Wagner Troops Training Belarus Forces

Belarus said Friday that instructors from the Russian mercenary force Wagner were training its troops, following weeks of uncertainty about the future of the group after its failed mutiny in Russia.

The short-lived rebellion was ended by a deal under which some Wagner fighters and their outspoken leader Yevgeny Prigozhin were supposed to move to Belarus.

But Belarusian President Alexander Lukashenko had cast doubt on the deal when he said earlier this month that no Wagner fighters had moved to the country yet.

The Belarusian defense ministry appeared to confirm that at least some Wagner fighters had arrived.

“Near Asipovichy, units of territorial defence troops are undergoing training,” the defense ministry said in a statement.

“Fighters of the Wagner private military company are acting as instructors in a number of military disciplines,” it said.

Countdown for Grain Deal

The Wagner group, which recruited extensively from Russian prisons, played a key role in the Ukraine offensive.

A video released by the Belarusian defense ministry showed masked fighters as instructors in the drills for soldiers living in a nearby tent camp.

A group of foreign reporters earlier this month was shown a camp near Asipovichy where Belarusian officials said the mercenaries could be based.

The latest development came as the clock ran down on a UN and Turkey-mediated deal with Russia to allow Ukrainian grain exports through the Black Sea — a vital supply route for the developing world.

The deal, signed five months after Moscow’s all-out assault on Ukraine, is set to expire on Monday, and Russian President Vladimir Putin has repeatedly threatened not to renew it because of obstacles to Russian exports.

“We are preparing to welcome Putin in August and we agree on the extension of the Black Sea grain corridor,” Erdogan told reporters.

But Kremlin spokesman Dmitry Peskov told state news agency RIA Novosti: “There were no statements on this subject from the Russian side.”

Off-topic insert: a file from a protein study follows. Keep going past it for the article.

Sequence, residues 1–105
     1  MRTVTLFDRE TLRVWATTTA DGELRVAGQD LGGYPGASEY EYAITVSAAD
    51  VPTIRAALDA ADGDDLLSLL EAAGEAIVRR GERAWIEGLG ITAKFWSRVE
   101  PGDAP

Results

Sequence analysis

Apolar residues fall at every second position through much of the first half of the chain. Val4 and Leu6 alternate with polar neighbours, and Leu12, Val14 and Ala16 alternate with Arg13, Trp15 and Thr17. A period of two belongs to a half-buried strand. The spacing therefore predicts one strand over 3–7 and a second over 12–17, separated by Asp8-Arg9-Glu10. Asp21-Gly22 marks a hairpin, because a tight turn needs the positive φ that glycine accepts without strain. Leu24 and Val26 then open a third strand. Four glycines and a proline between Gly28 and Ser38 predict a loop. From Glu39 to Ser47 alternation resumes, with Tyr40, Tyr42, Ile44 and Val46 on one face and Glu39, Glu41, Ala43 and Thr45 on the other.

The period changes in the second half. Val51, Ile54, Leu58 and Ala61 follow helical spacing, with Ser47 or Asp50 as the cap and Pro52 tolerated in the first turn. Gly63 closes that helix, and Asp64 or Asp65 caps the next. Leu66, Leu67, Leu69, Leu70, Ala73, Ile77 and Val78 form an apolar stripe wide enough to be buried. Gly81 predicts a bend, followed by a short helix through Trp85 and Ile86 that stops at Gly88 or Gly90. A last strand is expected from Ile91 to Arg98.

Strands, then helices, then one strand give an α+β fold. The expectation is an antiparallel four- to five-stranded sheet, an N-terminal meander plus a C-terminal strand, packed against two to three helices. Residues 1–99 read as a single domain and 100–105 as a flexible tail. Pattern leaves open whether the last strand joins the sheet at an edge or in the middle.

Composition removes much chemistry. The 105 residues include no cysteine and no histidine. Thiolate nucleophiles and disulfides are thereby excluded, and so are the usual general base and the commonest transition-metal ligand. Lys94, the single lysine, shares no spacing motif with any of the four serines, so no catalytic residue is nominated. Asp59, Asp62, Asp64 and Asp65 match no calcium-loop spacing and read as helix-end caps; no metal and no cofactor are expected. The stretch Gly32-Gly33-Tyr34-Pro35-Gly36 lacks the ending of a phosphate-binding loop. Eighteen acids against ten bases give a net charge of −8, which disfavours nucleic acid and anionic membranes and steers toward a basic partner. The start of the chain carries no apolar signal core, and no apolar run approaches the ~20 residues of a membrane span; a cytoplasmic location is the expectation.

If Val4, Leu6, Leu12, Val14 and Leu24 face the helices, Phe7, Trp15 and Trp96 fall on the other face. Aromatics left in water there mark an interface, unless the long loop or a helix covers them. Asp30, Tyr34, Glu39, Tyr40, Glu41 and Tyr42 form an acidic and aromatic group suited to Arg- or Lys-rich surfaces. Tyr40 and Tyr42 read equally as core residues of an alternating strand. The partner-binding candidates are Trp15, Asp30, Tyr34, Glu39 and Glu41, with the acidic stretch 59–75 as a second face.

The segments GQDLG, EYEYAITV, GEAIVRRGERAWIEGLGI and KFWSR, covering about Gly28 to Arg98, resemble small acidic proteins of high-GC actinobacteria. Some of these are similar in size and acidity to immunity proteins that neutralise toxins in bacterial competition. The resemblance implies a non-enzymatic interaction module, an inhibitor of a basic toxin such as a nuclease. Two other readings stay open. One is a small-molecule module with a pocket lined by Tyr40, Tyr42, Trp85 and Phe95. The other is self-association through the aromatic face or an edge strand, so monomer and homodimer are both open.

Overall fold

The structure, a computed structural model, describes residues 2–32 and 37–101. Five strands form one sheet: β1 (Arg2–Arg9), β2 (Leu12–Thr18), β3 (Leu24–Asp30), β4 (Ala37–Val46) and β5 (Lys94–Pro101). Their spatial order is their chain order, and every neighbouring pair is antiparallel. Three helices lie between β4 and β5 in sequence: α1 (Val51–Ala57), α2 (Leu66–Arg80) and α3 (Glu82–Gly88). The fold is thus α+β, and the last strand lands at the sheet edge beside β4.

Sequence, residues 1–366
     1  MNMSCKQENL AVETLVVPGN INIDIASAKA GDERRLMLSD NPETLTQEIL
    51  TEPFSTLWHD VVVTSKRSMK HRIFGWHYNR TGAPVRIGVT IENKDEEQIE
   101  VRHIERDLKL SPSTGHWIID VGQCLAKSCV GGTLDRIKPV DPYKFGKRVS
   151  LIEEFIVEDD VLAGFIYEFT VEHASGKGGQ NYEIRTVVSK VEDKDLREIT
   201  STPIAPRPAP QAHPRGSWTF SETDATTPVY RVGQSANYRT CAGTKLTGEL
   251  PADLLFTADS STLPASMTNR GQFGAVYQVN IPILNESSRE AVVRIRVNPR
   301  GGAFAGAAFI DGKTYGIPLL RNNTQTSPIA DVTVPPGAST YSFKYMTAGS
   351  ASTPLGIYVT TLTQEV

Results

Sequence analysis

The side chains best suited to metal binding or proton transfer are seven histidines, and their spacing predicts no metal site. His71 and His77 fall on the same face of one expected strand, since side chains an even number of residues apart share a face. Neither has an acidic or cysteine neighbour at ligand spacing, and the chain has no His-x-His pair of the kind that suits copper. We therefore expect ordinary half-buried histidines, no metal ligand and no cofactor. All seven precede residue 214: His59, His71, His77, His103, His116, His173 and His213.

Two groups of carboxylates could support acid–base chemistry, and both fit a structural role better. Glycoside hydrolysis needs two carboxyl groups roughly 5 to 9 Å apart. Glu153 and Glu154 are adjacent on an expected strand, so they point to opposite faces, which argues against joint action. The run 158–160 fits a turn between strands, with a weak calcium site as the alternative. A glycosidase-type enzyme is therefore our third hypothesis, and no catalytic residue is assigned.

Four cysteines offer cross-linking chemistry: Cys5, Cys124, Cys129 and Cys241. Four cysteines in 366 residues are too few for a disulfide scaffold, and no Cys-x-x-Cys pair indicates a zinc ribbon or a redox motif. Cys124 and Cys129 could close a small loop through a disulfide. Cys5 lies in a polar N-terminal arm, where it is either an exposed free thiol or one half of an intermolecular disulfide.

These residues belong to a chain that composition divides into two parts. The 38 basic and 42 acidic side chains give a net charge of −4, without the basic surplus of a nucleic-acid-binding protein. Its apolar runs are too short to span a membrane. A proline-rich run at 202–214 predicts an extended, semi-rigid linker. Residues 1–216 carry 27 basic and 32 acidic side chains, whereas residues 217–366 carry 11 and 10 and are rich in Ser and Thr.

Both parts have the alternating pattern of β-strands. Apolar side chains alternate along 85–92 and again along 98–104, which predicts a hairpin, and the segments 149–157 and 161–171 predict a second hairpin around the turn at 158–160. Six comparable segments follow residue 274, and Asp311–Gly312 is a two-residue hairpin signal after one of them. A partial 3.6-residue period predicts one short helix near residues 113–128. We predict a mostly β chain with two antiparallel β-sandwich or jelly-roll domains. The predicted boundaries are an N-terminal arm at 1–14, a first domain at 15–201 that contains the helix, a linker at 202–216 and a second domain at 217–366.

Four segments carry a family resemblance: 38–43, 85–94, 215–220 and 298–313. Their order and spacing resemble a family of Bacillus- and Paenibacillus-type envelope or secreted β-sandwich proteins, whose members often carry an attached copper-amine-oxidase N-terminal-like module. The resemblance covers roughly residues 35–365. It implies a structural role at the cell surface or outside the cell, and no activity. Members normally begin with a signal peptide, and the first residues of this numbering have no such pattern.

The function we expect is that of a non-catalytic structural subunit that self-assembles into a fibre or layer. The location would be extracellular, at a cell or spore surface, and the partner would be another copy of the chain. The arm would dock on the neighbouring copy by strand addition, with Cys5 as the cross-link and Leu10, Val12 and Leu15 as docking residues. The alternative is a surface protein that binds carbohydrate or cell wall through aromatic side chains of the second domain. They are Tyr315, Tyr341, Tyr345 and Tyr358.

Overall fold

‘Bakhmut Will Be Ours’

In Ukraine, Kyiv’s much-hyped counteroffensive, which began last month, ground on with only very gradual advances.

This has created tensions with the ex-Soviet country’s Western supporters, who have sent billions of dollars in military aid.

Ukraine has blamed the slow delivery of promised arms, calling on allies to send long-range weapons and fighter jets.

Ukraine said on Friday its forces had moved forward 1,700 meters (just over a mile) on the front line in the south over the past seven days.

Ukrainian troops are advancing despite “dense” minefields and shelling, Mykola Urshalovych, a senior representative of the National Guard, told reporters.

There have also been some advances to the north and south of Bakhmut, a city that was captured by Russian troops in May after a battle lasting nearly a year.

The aim of Ukrainian forces is to surround the eastern city in a pincer movement.

Masik, a drone operator taking part in the new battle for Bakhmut, said he was confident Ukraine would be victorious.

“Bakhmut will be ours,” he told AFP from a trench hidden by trees just two kilometers from Russian lines, along a field marked by craters from frequent shelling.

The head of Ukraine’s presidential office, Andriy Yermak, admitted that Kyiv’s troops were advancing “not so quickly”.

“If we are going to see that something is going wrong, we’ll say so. No one is going to embellish,” he told reporters.

Yermak also said that Ukraine would not consider talks with Moscow until Russian troops had left.

“Even thinking about these talks is only possible after Russian troops leave our territory,” he said.

Ukraine’s air force said on Friday it had downed 16 Iranian-made drones launched by Russian forces overnight, in the fourth consecutive night of aerial attacks by Moscow.

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